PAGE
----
2. If I'm not expecting visitors or do not recognize the person standing at my doorstep, I simply don't answer the door until they go away. I'm a single woman living alone -- my need for safety outweighs whatever sad sack pitch someone is trying to give me. I think I've neglected to answer a few census takers, though.

    But, I feel really bad for those kids. They sound like those foreign kids that were duped into working at that Hershey factory in the middle of Pennsylvania using a Summer study/travel visa.

  3. A friend of mine had a father who is a bit unhinged. He decided he would be a nudist at all times while at home. Not too many door-to-door salespeople stuck around after he opened the door.

  4. My parents get kids coming to their door selling raffle tickets for guns. Some are very young <6 years old.

  5. We've had them at our door a few times. One gave me the story she was part of a group of inner city youth learning how to boost their communication skills. One asked to come in the house and have a glass of water. I always feel like they are scouting out homes for burglaries... Often they will jot down notes upon leaving or leave a tiny sticker on your doorway.

  6. I sold vacuum cleaners door to door one summer during undergrad. As you say, it was soul crushing and sometimes terrifying. I had multiple firearms pointed at me, many more people come to the door armed, and even more spew verbal abuse, often before I had even said a word. After this experience (20 years ago) I always treat the people who knock on my door with respect. We're all just people trying to get by. Otherwise get a No Solicitors sign.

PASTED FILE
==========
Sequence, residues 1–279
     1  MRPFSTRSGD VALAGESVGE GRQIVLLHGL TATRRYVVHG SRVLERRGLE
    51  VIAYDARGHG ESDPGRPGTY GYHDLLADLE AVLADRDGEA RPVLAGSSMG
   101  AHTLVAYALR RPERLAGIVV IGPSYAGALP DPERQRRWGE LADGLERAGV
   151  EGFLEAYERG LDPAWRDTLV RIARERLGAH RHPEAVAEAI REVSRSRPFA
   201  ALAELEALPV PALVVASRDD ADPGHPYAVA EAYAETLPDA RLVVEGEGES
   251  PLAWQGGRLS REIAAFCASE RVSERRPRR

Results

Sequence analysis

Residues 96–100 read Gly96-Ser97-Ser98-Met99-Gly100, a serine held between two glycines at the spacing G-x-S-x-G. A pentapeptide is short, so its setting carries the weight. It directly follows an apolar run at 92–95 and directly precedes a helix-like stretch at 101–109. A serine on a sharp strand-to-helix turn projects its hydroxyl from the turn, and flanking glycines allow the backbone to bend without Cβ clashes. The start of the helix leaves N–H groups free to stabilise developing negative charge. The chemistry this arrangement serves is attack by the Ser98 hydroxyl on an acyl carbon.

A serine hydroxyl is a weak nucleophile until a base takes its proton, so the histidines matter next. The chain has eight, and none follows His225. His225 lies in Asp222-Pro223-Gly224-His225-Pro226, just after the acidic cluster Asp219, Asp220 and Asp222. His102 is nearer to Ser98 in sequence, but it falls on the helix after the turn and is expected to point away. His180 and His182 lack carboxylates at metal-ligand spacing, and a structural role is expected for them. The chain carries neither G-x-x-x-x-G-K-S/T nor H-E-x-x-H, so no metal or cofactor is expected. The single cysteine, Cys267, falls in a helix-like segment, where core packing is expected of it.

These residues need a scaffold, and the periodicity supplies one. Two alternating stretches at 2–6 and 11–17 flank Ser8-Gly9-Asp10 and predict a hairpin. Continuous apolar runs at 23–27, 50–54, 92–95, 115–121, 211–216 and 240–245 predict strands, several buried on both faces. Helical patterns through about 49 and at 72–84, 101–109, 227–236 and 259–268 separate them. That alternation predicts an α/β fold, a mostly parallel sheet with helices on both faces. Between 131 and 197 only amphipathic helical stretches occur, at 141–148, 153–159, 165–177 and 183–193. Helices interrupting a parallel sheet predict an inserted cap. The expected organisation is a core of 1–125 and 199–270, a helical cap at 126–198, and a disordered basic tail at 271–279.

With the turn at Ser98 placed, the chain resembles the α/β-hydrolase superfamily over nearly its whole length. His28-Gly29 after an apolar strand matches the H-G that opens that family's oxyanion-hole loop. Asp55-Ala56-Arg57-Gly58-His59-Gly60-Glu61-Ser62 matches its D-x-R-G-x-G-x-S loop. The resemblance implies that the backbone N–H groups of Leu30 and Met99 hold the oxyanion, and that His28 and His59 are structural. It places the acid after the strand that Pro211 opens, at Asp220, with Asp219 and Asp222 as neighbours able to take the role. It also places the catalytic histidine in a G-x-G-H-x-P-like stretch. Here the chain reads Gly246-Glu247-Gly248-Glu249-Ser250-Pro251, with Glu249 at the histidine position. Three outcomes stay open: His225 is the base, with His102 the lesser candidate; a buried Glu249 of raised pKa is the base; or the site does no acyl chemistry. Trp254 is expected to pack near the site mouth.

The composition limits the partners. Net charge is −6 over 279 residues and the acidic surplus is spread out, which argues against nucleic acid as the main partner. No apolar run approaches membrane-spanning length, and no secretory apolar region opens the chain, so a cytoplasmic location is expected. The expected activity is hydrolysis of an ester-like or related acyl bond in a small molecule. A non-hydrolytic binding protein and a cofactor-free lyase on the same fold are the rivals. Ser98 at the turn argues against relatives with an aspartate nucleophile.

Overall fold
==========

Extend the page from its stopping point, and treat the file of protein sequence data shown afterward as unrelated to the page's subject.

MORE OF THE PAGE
7. Off topic: Im thinking of teaching Chem as adjunct at a university and PUI nearby: both schools want someone to teach Organic (!) Is this a coincidence, or is there something going on here?

    Also, does anybody know of a good book/reference for organic demos that can be done in class without killing students?

    1. I like to read the Chemistry Guide newsletter by Anne Marie Helmenstine from chemistry section of She has some experiment ideas that should work in a classroom.

      I am not associated in any way.... etc. etc.

  8. Here is an organic demo which they'll remember.

    My high school organic chemistry teacher asked for a volunteer take a beaker to the restroom and return with a urine sample. He then used a test strip to test for diabetes.

  9. We had one of the super expensive vacuum sales people knock on the door a few years back and offer to vacuum a room for free. We let her in. Big mistake. She was there for like 2 hours, vacuuming our couch and trying to show us how great the $4000 vacuum was. She kept asking for water, stuff to eat, etc. and we obliged. Felt sorry for her, but learned a lesson.